Mixtape: Unemployment, Part 1

“Boys and girls in America have such a sad time together…” – Sal Paradise, On the Road

The book on America in 2011 is unemployment.  It’s the same book we’ve been reading since 2009, we’re just on chapter three.  There are about 14 million people out of work.  Most are looking for work, but many have given up – burning through their savings and hoping for the best.  We see the numbers everyday and read the reports in the paper.  We read the profiles in courage of families trying to make it on part-time work and duct tape.  It’s heartbreaking.

Fourteen million people is a small country. We have stories, we have numbers and research papers, we have plotlines in T.V. and movies.  We know why people are unemployed.  We have ideas about how to get everything back on track.  What we don’t have is an anthem, a song to tell the story.  We need a soundtrack.

This post has been languishing in my draft folder for weeks.  I’ve had a difficult time conceptualizing what form this should take.  How do you capture a condition, using the songs of others? What does it sound like?  Should it be a screed, spewing nothing but anger and anguish?  Should it be hopeful, looking to the future and greener pastures?  Should it be something akin to the stages of grief, moving from anger to acceptance?  It should be all of that.  Because we have to sing.  We have to dance.  We have to drink and make merry.  Because, well, “there’s nothing else to do”.

We’ll take it in three parts and build. This is not the final track order, it’s an outline.  So here we go, unemployment by mixtape.

Track 1 – Aloe Blacc, I Need Dollar:  “I need dollar” is  not your first thought when you lose your job. It’s “fuck”. You get around to money after the shock has worn off.  And when you get around to the money, you need commiserate and let Aloe Blacc tell his story:

“I had a job but the boss man let me go | He said, I’m sorry but I won’t be needing your help no more | I said, Please mister boss man I need this job more than you know | But he gave me my last paycheck and he sent me on out the door…”

Track 2 – Pulp, Common People:  “when there’s nothing left to do, except dance and drink and screw”.  It’s an anthem for everyone down on their luck.  It’s a cry of solidarity for everyone trying to make it work.  All we have to do is sing along:

“You will never understand, How it feels to live your life, With no meaning or control, And with nowhere left to go | Sing along with the common people, Sing along and it might just get you through, Laugh along with the common people…”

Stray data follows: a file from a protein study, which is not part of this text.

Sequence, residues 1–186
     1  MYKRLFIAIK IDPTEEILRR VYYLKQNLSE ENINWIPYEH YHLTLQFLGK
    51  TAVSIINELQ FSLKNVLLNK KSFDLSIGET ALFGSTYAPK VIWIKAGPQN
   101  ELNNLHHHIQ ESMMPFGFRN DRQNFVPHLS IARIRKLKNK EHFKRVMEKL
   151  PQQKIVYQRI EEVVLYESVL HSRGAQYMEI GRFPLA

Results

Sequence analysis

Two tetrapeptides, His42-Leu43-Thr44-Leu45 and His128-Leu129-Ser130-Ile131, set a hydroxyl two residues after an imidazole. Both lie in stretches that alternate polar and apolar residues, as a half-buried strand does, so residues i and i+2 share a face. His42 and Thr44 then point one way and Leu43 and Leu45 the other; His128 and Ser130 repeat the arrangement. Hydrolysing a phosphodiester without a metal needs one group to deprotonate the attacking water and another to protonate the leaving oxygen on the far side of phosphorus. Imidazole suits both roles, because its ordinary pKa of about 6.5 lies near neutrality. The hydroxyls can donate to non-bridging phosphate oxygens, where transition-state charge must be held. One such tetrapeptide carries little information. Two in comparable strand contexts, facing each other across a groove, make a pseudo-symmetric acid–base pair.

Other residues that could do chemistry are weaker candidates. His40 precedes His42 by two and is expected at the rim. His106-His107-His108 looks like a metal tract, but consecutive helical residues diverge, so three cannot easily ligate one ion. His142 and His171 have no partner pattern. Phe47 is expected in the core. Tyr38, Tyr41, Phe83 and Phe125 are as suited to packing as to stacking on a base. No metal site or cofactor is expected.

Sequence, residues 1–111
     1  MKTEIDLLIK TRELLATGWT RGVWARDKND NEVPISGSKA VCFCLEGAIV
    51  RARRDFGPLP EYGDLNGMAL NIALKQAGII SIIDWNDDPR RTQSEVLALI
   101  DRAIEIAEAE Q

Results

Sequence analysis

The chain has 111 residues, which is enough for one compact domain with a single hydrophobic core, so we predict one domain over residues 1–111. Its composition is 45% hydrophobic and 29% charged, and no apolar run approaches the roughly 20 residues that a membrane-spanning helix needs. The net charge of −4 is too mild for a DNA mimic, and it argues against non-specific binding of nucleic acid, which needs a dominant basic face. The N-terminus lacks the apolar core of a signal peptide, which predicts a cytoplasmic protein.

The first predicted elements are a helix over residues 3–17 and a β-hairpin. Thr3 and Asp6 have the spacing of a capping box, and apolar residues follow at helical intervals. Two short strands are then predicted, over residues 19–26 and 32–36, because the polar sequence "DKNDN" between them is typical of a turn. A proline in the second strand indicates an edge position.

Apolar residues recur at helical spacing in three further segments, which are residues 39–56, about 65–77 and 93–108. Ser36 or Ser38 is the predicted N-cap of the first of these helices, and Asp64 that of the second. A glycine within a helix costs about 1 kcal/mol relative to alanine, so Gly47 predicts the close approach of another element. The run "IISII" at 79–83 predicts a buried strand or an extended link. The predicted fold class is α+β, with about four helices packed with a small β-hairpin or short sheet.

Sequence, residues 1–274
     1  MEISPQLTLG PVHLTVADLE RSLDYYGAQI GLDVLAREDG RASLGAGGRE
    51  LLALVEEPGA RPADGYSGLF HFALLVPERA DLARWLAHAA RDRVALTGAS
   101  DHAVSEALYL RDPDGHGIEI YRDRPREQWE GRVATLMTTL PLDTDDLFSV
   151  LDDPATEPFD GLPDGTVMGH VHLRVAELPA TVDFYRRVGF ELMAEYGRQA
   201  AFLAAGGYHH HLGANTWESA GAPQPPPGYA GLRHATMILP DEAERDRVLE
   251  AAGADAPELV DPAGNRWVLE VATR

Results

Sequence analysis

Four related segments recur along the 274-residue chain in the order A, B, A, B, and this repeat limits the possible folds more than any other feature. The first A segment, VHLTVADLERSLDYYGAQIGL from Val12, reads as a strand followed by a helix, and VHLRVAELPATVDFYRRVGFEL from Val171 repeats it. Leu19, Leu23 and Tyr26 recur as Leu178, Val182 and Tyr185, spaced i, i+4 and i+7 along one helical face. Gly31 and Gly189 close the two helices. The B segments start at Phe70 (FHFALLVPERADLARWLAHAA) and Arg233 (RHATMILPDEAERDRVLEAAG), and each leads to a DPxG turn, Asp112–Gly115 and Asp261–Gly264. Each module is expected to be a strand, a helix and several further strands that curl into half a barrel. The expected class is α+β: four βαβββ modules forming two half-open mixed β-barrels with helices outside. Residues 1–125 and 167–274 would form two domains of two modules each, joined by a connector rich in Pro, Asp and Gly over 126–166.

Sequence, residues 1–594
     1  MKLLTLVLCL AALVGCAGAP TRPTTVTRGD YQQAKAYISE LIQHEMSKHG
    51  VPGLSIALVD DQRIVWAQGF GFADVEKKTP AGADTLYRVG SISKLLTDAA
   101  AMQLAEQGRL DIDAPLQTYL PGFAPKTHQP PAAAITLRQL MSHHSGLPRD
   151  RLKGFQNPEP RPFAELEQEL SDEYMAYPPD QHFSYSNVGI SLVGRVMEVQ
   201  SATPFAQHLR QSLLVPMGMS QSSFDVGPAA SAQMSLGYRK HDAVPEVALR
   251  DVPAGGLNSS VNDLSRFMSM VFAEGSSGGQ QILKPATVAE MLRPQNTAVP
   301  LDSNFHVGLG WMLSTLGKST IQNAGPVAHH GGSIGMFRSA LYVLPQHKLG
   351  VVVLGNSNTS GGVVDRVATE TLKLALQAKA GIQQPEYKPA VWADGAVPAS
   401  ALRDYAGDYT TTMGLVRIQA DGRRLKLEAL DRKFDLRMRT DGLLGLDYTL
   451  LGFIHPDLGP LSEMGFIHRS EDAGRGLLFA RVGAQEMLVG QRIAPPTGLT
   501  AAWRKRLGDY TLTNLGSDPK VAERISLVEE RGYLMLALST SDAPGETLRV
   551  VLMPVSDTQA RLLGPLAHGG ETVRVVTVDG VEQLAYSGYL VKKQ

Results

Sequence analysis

Track 3 – Mountain Goats, This Year: It may be the ballad of an angry and out-of-control seventeen year old, but it fits.  As with Common People sometimes you just have to sing:

“I am gonna make through this year, if it kills me…”

Track 4 – E.L.O., Mister Blue Sky: Because the more days that you can wake up and say “It’s a beautiful new day hey,hey…”, the better off you’ll be.  Try to listen to this song and not want to jump around the room like a loon.

Track 5 – Bear Hands, Crime Pays:  A cautionary tale? Perhaps. ” Seven years in jail and no bail.”  The thing is, when thoughts turn to “I need dollar” and there is no work, you would not be blamed if the next two thoughts were:

“Everyone knows that crime pays, And everybody does it | Everyone knows that crime pays, And everybody loves it…”

Track 6 – Serge Gainsbourg, Le poinconneur des Lilas: Translated, it means The Conductor of the Lilas.  The song is about a Paris Metro ticket puncher.  In the Underground there is no sunlight and the monotony is crushing him. He sings “J’fais des trou, des p’tit trous, encor des p’tit trous ( I punch holes, little holes, more little holes…).” Gainsbourg’s ticket puncher wants to get out, to escape to the woods or become an air hostess.  But he can’t, so he imagines punching a hole in his head.

It’s good to remember that it could always be worse, even if you have a job

Track 7 – The Rakes, Just a Man with a Job:  English language adaptation of Le poinconneur des Lilas. It’s not as colorful as the original, but it’s sung with a bit more urgency and despair.

Tracks 8 – 14, next week.  Suggestions welcome.

Pic Via

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